United Nations

Is Lemkin’s Legacy Going Unheeded?

01/22/2010
Staff Writer

The Center for Jewish History is currently showing an exhibit dedicated to the life and work of Raphael Lemkin. If his name isn’t quite familiar to you, rest assured, you’re not alone. In any event, you certainly know the one word that’s become synonymous with him: genocide. In 1943, Lemkin invented the term. And in 1951, he saw to it that the United Nations make it a punishable crime.

Haiti: Our Disproportionate Response

01/21/2010
Staff Writer

In a world of rather frequent natural disasters, the earthquake in Haiti and its eerie, hellish aftermath retains the ability to shock, reminding us of the fragility of life and even civilization itself. And yet, if we will call earthquakes “acts of God,” there is some solace in seeing how so many of us have responded in a way that ironically can only be called the image of God and all that’s holy.

Darkness After ‘Noon’

As a new biography shows, the second half of Arthur Koestler’s life, marked by a peculiar mix of Zionism and Jewish self-hatred, was one of steadily declining reputation.

01/22/2010
Staff Writer

If you were Jewish and lived in the 1940s, to say that Arthur Koestler was on your side was no small thing. Then at the height of his renown, Koestler, born in Budapest in 1905, had become one of Western literature’s most revered figures. His anti-Stalinist novel “Darkness at Noon,” published in 1940 and still his most famous, made him one of the first liberals to come out against Communism. The book would partly inspire George Orwell, an author whose reputation today far eclipses Koestler’s.

The new biography of Arthur Koestler by Michael Scammell, bottom, revives an overlooked thesis.

Gaza: Can We Possibly Be Right?

01/16/2009
Special to the Jewish Week

As Israel’s war against Hamas continues in its third week and casualties among the Palestinian population of Gaza mount, it is getting awfully difficult to find people outside the Jewish community- except for a select few politicians running for office- who are genuinely supportive of Israel’s cause.

Israel: Sixty-One, with No Apologies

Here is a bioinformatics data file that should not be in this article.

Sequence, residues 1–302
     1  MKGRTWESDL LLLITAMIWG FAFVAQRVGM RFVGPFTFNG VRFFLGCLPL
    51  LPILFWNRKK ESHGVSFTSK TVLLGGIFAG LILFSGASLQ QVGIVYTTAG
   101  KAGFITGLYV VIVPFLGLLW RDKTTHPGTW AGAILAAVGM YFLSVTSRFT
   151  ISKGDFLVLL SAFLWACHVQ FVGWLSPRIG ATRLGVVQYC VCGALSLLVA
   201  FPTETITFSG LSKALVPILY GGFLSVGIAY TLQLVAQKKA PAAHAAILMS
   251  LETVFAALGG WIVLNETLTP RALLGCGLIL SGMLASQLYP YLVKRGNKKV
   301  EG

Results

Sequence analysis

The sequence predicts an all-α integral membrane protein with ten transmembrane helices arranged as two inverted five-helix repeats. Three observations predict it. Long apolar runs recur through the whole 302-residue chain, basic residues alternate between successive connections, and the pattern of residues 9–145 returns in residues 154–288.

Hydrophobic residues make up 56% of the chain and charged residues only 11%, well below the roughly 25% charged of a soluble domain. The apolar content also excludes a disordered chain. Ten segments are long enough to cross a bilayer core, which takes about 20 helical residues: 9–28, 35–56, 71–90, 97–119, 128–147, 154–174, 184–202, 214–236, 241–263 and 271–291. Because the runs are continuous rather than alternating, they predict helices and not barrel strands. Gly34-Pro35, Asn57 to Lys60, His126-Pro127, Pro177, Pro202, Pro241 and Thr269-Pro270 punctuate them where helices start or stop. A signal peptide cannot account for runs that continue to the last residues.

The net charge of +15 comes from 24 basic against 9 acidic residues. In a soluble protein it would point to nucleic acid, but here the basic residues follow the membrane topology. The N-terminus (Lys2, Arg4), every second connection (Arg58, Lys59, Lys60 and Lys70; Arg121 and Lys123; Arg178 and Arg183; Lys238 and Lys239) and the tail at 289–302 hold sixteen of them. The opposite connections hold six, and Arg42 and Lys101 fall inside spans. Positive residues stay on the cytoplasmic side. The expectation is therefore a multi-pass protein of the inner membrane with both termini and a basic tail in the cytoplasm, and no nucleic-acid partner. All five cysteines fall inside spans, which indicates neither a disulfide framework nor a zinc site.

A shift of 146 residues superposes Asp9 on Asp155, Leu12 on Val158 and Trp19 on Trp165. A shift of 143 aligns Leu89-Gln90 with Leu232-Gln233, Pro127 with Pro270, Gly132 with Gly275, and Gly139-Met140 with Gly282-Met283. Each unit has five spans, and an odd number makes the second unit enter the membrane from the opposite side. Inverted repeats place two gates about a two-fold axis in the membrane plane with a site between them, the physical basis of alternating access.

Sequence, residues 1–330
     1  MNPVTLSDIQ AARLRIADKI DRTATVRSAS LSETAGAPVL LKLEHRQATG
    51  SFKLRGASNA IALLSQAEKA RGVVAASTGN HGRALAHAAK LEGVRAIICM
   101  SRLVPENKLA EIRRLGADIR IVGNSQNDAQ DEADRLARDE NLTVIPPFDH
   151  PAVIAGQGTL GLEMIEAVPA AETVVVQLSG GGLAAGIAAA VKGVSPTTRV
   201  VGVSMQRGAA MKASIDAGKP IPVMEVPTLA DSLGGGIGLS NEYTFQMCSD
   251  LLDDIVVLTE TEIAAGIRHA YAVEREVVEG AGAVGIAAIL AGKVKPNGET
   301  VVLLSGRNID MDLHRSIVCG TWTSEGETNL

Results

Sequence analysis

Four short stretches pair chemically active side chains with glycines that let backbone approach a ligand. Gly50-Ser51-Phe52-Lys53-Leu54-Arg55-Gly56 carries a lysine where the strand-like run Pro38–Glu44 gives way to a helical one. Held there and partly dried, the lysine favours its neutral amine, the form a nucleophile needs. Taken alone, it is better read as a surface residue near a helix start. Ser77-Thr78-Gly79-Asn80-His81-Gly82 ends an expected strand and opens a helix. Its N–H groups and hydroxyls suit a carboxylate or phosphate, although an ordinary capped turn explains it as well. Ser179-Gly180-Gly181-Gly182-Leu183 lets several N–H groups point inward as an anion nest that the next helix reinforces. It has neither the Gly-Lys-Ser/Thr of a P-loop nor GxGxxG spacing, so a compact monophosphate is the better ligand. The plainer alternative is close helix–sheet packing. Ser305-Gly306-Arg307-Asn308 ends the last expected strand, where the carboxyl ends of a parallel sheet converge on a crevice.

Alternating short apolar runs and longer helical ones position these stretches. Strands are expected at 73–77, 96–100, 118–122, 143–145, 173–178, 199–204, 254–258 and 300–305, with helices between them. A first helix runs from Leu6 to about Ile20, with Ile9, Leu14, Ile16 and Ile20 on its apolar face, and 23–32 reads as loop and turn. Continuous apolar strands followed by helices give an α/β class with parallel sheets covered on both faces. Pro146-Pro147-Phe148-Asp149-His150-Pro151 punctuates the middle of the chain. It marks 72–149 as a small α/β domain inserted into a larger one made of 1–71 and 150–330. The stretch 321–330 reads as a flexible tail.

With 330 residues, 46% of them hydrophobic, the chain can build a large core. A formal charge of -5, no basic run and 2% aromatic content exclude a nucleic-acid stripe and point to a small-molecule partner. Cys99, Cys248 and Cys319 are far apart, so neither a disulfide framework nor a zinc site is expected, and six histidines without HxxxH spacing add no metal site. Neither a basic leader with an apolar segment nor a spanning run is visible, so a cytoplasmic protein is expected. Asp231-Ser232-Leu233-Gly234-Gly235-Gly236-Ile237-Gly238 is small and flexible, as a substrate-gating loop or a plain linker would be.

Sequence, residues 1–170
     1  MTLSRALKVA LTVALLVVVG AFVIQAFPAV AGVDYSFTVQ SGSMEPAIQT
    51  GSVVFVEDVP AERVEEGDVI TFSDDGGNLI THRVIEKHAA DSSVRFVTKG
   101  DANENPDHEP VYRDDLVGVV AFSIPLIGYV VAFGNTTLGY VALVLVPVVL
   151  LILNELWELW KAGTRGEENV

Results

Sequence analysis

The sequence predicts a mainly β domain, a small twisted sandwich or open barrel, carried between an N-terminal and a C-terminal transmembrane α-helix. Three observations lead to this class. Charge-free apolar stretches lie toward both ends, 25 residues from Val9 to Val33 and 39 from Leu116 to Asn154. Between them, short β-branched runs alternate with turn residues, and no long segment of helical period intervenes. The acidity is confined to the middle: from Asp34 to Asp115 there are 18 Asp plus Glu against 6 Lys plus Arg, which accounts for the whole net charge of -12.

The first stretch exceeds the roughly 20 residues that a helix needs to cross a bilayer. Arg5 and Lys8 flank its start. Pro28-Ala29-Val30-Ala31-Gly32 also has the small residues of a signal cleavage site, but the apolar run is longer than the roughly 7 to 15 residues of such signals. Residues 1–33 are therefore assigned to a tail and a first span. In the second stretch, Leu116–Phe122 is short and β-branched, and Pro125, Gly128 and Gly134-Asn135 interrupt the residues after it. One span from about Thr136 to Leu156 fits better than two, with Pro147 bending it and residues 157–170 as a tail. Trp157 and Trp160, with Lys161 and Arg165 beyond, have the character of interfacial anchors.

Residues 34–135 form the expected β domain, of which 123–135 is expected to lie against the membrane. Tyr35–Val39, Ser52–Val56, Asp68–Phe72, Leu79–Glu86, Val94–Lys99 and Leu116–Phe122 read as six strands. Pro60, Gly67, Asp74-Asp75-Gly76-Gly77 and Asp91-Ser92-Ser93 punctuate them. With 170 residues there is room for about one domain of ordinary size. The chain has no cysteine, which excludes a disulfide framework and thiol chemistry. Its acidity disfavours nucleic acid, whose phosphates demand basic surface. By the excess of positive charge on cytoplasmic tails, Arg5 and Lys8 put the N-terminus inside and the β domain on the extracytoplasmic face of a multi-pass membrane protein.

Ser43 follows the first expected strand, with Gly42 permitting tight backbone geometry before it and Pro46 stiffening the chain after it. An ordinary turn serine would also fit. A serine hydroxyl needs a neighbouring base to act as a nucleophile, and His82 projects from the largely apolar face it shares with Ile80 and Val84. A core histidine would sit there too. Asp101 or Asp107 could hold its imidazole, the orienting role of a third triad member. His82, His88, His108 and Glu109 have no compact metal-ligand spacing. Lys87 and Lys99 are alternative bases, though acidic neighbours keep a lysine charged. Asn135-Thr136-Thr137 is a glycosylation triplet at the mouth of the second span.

04/24/2009
Special to the Jewish Week

The State of Israel celebrates its sixty-first birthday this coming week.  I find myself wondering whether there exists another country in the world that has to apologize for its existence in order to celebrate, as Israel does.

Sharing a Painful Message: Needed - Sane Voices for Israel

09/24/2009
Special to the Jewish Week

In lieu of a regular posting this week, I am sharing with you the message that I delivered in my own congregation in Forest Hills on the second day of Rosh Hashanah.

I do so because it speaks to a subject that I think needs to be on our communal agenda, and about which I feel passionately: how and about what we in the Jewish community disagree, and its implications for our relationship with the world as a whole, and particularly with Israel.

I wish you all a g’mar hatimah tovah…

Two Papers, Two Stories; One Paper, Two Stories

Tuesday, January 20th, 2009 Two papers tells a different story, or rather the same story in different ways. “Israeli Shells Kill 40 At Gaza U.N. School” (New York Times headline, Jan. 7).   Or was it, “Hamas In Human Shield Atrocity: Uses School As Mortar Lair Where Children Die” (New York Post headline, Jan. 7).

Israel Didn’t Leave, It Lost - Like Blanche DuBois

Wednesday, January 21st, 2009 The first rule of pride is this: When they run you out of town, walk like you’re leading the parade.   I’ll give Israel this: When international pressure got to be too much, Israel left Gaza as if it was Israel’s bright idea, “a unilateral ceasefire.”  

Time’s Excellent Coverage Of The Shoah - 1943

Tuesday, December 23rd, 2008 Despite all the apologists, anyone in the United States during the 1940s, particularly a Jew, who said that he or she had no idea about the Holocaust was either an idiot or illiterate. Despite all the attacks on the media for not telling everything, and for not telling it on the front page, any person who read Time magazine, the number one newsweekly in 1943, was given all the information required to know that an extermination was underway that was unparalleled in history.  

Olympic Gadfly

07/30/2008
Staff Writer
A year ago, Jill Savitt found herself in a scorching refugee camp in northern Africa, holding the hand of a boy whose family had lost its home in the Darfur genocide, and thinking of her own 9-year-old son who was safe at home in Brooklyn. Savitt’s visit to the camp in Chad, her first on-site encounter with the victims of the five-year campaign of murder and enslavement conducted by the government in neighboring Sudan, was another step in a mid-career change that brought her from nonprofit communications consultant to advocate for genocide victims.
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